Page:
I wish someone else was writing this but because nobody is going to narrate my life in third-person Anu Agarwal style, I must do it myself. That is the fourth thing about adulting. That sometimes you have to be the narrator, the writer, the heroine, and the villainess of your own fucking life.

P.S – Today rumlolarum is four-years-old. This baby has helped me grow more than I could have managed on my own. I’m all smiles and love. See? Proof: I don’t have to be married to be a mother.

Today I celebrate rumlolarum and my PCOD- prone uterus. Cheers!

 

rumlolarum
Thank you, WordPress!

 

 

*** Featured Image credits: TeePublic

Small joys for Rum Lola Rum

 

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Hello,

So this is my website (haw — never thought I’d say this) but you are now at rumlolarum.com. Bought a damn domain to celebrate 300 posts. It’s a Valentine gift to myself.

I believe I have withdrawal symptoms and worry that I will never be able to write again without the soft pinkish comfort of my older Adelle theme. It must be why I struggled for two days looking for a theme before landing on this one. It’s not as good as my old one but it reminds me of home.

This month has been weirdly good. Meta 2018 will officially be over in a day and I’m already looking forward to the next edition. I am not half as tired as I usually am during Feb but maybe that’s a lesson. If all Metas are like each other, how will I remember the years?

There are more reasons for why this month has been weirdly good. Ever since I interviewed writers Praveen Kumar and Manjunayak, I have been itching to write. Praveen Kumar put my laziness, self-pity, insecurity and everything else to shame when I asked him how he sustains writing. He simply said – Bitkodbaardu. Don’t surrender.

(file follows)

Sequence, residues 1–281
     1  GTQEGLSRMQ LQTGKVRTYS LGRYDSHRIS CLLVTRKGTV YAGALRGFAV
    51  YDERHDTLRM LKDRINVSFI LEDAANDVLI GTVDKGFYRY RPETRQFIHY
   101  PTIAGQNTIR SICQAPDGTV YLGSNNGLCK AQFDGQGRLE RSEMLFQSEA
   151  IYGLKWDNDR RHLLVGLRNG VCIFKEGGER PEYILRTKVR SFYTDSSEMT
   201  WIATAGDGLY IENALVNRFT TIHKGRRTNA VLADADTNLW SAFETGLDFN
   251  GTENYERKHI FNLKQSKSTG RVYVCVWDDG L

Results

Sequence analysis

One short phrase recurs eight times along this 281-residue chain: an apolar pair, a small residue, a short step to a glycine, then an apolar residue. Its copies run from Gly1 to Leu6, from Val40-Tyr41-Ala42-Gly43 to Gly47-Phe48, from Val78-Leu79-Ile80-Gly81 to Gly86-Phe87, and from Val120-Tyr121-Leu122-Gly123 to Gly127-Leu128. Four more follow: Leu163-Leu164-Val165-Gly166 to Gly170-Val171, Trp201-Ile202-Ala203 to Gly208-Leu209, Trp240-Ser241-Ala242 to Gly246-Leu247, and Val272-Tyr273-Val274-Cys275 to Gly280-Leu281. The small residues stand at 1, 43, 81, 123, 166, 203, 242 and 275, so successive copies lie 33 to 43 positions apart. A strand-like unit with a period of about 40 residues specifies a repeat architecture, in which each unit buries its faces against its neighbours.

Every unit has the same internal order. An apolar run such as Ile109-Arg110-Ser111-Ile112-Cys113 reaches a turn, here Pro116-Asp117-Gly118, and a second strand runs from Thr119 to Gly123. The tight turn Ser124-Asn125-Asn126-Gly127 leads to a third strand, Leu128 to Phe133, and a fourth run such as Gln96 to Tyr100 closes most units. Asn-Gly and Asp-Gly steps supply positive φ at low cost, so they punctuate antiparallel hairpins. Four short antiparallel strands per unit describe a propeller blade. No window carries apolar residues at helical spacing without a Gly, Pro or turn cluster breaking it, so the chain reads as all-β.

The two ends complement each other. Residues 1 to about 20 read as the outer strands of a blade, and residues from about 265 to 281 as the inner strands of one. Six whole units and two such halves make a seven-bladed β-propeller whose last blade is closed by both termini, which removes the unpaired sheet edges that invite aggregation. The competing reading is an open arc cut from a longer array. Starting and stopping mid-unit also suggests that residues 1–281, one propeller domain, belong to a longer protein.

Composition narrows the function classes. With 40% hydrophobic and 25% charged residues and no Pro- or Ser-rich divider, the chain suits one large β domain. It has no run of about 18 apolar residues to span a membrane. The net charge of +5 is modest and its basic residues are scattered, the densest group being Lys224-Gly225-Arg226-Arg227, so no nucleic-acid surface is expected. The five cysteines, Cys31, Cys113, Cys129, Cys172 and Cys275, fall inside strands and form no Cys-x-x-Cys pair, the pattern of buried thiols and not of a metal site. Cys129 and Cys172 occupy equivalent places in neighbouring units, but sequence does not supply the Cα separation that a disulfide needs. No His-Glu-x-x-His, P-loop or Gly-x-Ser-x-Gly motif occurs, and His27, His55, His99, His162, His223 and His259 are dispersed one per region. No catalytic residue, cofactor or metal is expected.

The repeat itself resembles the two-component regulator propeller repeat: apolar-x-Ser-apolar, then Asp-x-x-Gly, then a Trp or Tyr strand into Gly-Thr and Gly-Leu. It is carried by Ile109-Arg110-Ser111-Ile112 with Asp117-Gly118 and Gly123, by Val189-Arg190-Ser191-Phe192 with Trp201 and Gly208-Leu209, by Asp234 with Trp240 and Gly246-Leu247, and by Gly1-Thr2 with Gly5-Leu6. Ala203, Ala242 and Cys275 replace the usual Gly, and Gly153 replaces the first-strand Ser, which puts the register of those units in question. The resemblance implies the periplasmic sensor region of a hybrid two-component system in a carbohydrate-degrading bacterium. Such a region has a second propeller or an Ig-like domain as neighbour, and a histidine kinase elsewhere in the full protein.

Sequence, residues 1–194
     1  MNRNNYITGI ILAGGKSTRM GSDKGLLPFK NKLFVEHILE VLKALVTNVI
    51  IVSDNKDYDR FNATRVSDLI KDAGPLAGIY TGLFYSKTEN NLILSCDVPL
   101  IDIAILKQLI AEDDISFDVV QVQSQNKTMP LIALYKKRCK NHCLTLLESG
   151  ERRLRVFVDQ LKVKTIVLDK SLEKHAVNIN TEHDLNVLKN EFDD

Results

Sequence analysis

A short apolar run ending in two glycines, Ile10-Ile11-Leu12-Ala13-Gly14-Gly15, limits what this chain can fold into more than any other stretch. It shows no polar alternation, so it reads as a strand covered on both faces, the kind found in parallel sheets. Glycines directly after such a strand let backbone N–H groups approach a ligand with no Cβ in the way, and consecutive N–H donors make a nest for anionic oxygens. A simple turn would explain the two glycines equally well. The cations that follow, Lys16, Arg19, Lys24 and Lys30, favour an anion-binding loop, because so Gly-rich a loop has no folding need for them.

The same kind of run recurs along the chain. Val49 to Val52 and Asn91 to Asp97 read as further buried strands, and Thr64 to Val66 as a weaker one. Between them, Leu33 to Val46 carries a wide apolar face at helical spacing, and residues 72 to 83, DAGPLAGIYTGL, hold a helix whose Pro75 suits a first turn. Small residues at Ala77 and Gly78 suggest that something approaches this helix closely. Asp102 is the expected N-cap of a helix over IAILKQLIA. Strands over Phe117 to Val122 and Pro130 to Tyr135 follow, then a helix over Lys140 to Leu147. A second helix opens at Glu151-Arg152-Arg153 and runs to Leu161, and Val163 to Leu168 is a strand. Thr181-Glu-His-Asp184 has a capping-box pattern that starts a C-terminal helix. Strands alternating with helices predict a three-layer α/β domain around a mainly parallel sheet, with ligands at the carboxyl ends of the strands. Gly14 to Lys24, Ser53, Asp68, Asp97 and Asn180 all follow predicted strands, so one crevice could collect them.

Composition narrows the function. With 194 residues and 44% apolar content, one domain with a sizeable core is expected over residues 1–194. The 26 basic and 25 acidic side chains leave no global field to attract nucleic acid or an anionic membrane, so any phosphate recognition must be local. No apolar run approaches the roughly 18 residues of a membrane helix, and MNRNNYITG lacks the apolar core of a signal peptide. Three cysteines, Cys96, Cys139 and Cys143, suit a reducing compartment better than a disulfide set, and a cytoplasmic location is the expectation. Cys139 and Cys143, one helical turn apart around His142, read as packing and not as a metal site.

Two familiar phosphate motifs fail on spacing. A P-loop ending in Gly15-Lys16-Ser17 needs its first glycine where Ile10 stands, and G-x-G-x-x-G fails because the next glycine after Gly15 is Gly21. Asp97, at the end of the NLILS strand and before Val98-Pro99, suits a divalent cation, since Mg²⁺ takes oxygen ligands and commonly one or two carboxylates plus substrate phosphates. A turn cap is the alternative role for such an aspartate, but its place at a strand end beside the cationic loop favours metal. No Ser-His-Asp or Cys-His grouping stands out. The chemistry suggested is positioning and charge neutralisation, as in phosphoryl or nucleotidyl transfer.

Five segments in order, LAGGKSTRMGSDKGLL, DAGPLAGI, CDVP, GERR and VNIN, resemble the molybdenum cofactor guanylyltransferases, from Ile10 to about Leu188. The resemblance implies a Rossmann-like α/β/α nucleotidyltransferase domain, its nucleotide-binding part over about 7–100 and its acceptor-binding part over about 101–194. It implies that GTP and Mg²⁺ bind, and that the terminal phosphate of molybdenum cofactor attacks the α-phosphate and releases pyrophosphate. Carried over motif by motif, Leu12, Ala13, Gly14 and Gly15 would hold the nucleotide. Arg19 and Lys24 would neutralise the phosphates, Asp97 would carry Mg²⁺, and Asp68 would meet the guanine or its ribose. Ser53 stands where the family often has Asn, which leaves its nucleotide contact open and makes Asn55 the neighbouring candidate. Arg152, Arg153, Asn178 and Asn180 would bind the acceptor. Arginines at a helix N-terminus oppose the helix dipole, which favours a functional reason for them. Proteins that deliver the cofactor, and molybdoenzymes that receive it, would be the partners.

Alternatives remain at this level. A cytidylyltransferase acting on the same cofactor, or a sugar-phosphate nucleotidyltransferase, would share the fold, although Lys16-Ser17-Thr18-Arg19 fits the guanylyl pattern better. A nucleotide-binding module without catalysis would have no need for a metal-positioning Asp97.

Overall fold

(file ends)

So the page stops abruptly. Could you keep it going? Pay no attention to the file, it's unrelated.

M said that’s how people ride in Bangalore Traffic and I laughed like 600 flower pots breaking on terracotta tiles.

Something changed after that interview. I have been able to wake up at 5:30 since then, to write. And I am surprised by how much I like it. I look forward to it with a delicious anxiety every night before going to sleep —  like I’m getting dressed to meet a new love.

 

 

 

 

I don’t always write though. I go out – watch the sky go from dark blue to light blue to vanilla white. I sneak into the kitchen to make Elaichi chai and then sneak out to crush said Elaichi pods softly because house is still asleep. The Brahmin house next door is up obviously. Their steps and garden already smelling like rain.

Discovering mornings has been the best thing to have happened to me. As David Bowie says it here

Posting an excerpt here from that gorg interview:

What is your idea of perfect happiness?
Reading.

What do you consider your greatest achievement?
Discovering morning.

What is the trait you most deplore in others?
Talent.

What is your greatest regret?
That I never wore bellbottoms.

What is your current state of mind?
Pregnant.

What do you regard as the lowest depth of misery?
Living in fear.

Current mood – A little happy and very yawn.

Current music – Juno

It’s all I am leaving you with today. And, this. Read, smile, love, sleep. Repeat. G’night.

 

For the 300th Blog Post

What can I say today that hasn’t already been said –

Except that I am happy 3 times,

happy happy

—-

I could say I am glad that I didn’t stop writing

Not when people laughed and cried-

Not even when they played drinking games, and made bon-fiery jokes about caste and capacity

—-

I could say that I am learning to understand the sound of words,

as they fall on my dead ears.

That I hadn’t known for a long time

that words are capable of music,

and of delicious terror.

—-

I could say that I am beginning to enjoy waking up

at 5:30 on some mornings –

When my body isn’t up yet

and my eyes are still sleeping.

But I have taught myself to be tolerant of the happiness of birds

that early in the morning.

Even though it is rude to be that happy —

that early in the morning.

—-

I could say that the first word is always a stranger,

and the last always a politician

But I’m happy 3 times.

happy happy.

That sometimes,

even if I’m Struggling Annoyed Jealous Insecure Sleepy Grumpy

I’m still Writing.


 

Featured Image Credits – KVR IN BLOG.